New proposals by the Ministry of Justice will see people with dementia who ignore requests to not drive be judged more harshly in the courts.
Stiffer sentencing awaits those with dementia who continue to drive despite them being found incapable of doing so, especially if they go on to have an accident that causes harm to another person.
That’s what the latest calls are from the Ministry of Justice, who are putting together proposals in time for next year’s Queen’s speech.
Current rules state that if you’re diagnosed with dementia, you must declare it the Driver and Vehicle Licensing Agency (DVLA). This doesn’t necessarily mean that you can’t drive immediately. However, officials will need to see your medical records to determine if you can still drive. If your diagnosis has come in the earlier stages of dementia, you may be able to continue to drive, but if you’re already into the middle stages of dementia, that may be deemed unsafe.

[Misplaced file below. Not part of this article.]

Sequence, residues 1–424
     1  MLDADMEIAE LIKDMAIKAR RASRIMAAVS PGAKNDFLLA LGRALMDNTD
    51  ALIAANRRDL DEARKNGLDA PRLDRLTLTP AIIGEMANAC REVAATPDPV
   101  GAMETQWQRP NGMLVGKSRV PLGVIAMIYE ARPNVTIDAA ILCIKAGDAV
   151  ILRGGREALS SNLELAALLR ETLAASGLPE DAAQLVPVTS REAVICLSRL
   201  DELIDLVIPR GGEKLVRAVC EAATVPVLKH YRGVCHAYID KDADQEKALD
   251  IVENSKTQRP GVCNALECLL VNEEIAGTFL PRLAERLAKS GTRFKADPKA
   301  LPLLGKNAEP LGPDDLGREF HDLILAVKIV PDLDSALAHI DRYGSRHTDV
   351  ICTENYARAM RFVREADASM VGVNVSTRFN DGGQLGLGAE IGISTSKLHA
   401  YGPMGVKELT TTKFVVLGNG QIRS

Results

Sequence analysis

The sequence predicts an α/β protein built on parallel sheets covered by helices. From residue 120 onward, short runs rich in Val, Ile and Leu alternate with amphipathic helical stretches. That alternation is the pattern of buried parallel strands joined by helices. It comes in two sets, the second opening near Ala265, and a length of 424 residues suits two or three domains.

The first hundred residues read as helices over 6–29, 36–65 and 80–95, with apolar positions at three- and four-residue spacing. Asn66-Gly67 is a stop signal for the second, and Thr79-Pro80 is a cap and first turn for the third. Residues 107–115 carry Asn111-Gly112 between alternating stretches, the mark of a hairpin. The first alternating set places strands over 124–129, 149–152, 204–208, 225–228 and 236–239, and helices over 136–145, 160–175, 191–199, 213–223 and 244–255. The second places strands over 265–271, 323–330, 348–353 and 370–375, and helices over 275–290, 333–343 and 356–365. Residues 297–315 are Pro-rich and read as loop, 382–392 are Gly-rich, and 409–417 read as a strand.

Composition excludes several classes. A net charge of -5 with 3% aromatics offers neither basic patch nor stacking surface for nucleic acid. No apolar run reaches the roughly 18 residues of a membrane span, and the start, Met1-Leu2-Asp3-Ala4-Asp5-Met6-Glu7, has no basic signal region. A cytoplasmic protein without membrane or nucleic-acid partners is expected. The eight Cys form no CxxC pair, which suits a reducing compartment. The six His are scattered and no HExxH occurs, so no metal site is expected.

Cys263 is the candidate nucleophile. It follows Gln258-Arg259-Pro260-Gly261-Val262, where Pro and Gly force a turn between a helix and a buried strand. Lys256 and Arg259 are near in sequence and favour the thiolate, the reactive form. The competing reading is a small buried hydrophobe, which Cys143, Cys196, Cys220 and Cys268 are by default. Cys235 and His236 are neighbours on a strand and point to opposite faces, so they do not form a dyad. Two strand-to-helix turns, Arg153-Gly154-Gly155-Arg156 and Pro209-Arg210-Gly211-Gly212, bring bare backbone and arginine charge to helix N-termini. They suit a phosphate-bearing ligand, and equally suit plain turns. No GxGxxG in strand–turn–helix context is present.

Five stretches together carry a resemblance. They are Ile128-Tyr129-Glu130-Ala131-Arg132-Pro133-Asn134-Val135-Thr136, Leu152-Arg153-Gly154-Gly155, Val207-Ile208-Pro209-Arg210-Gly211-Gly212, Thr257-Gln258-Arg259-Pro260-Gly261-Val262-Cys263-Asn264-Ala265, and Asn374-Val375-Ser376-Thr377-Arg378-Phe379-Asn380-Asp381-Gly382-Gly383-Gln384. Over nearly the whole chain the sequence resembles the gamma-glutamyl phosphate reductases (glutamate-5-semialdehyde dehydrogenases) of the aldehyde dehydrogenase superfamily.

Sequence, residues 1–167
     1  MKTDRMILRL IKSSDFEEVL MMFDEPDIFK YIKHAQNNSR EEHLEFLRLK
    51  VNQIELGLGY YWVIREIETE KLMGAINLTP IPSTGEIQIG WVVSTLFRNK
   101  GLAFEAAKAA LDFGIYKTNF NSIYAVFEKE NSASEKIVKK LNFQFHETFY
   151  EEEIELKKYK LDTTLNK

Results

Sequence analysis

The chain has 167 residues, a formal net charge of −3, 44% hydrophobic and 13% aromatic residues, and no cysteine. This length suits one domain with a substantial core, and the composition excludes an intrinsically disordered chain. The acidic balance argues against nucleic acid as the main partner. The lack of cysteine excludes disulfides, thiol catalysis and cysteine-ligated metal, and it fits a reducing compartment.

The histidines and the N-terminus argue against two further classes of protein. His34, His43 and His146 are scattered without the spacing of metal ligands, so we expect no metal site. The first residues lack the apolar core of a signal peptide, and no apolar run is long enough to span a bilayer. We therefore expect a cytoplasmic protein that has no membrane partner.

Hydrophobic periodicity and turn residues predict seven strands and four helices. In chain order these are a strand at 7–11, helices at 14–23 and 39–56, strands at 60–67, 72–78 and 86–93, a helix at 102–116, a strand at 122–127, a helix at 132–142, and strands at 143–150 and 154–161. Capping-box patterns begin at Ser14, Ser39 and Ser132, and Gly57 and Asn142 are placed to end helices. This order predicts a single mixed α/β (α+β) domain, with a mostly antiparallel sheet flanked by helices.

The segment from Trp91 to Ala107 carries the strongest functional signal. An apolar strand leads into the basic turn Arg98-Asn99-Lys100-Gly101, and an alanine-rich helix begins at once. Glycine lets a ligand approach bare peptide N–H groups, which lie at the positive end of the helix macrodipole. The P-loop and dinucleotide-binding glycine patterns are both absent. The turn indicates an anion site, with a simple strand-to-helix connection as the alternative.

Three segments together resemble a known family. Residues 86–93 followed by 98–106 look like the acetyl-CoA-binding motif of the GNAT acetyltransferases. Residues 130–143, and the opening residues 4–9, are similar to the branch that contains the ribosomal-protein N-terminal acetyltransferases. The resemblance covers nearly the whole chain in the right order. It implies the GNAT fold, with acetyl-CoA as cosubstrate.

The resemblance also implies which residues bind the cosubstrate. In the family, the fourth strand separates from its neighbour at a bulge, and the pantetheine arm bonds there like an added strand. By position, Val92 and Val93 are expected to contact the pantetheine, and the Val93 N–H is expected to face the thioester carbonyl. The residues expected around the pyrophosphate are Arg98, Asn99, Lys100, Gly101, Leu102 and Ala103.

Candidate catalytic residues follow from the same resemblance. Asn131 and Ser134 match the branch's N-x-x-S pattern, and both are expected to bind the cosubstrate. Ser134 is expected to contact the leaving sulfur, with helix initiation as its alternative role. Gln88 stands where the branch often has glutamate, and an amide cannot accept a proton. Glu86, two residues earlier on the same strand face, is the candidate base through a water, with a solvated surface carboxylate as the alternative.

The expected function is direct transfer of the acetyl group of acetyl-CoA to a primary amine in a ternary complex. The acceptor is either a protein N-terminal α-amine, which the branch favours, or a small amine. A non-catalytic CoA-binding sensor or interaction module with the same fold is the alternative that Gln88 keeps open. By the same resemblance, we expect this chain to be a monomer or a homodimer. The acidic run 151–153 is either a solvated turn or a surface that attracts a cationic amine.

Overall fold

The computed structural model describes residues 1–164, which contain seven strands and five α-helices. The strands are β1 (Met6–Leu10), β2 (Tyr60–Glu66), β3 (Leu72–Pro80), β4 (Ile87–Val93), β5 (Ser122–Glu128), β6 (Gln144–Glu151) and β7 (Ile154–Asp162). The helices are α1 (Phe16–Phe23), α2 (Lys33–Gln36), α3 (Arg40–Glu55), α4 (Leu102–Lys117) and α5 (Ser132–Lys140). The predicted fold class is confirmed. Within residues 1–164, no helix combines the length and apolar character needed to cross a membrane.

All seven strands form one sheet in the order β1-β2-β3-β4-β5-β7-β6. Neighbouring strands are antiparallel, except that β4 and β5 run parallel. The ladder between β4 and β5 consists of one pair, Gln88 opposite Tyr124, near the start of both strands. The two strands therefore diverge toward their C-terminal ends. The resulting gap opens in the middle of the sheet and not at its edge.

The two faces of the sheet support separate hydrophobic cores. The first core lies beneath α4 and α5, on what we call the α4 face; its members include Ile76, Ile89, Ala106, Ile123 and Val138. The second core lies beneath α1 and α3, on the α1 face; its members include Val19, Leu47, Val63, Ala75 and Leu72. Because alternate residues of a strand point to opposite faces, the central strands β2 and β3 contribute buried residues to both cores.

Drivers who do not tell the authorities about their dementia diagnosis face a fine of up to £1,000.
However, problems develop because many people with dementia are slipping through the cracks of this system and still driving on the roads when it’s no longer safe, posing a risk that could potentially lead to the death of other people.
The calls are part of a broader review of criminal sentencing which includes tougher sentences on drunk drivers who cause accidents.
Gary Rae, campaigns director at the road safety charity Brake, said:
‘It’s vital any driver with a medical condition that could prevent them from driving safely declares that condition to the DVLA. If they fail to do so, they will pose a serious risk to both themselves and other road users. We appreciate that having to give up driving because of a medical condition is a difficult step for some individuals, and this is a discussion that needs to take place with family, GPs and other medical professionals.’
George McNamara, the head of policy at the Alzheimer’s Society, said:
‘A dementia diagnosis is not in itself a reason to stop driving. The critical issue is ensuring that the DVLA is aware of a person’s dementia diagnosis, whether informed by the individual or disclosed by that individual’s GP. This allows the DVLA to decide the person’s ability to drive safely.’